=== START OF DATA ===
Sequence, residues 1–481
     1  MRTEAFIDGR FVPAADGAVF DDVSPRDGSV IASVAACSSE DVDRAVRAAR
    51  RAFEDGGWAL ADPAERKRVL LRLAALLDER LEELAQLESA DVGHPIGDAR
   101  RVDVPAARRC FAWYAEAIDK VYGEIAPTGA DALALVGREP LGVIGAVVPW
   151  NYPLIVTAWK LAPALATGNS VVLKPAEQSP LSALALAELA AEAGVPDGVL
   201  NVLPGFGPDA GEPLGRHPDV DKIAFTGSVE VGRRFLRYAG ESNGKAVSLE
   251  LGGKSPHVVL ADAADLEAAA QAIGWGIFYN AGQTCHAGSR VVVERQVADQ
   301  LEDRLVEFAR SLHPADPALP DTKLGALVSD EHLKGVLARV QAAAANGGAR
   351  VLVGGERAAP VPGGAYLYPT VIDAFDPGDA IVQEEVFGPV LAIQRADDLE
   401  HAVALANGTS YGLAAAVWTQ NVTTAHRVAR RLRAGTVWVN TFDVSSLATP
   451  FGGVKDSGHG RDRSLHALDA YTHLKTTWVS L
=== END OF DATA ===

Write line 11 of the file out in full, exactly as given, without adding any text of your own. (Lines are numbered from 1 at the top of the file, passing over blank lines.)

   451  FGGVKDSGHG RDRSLHALDA YTHLKTTWVS L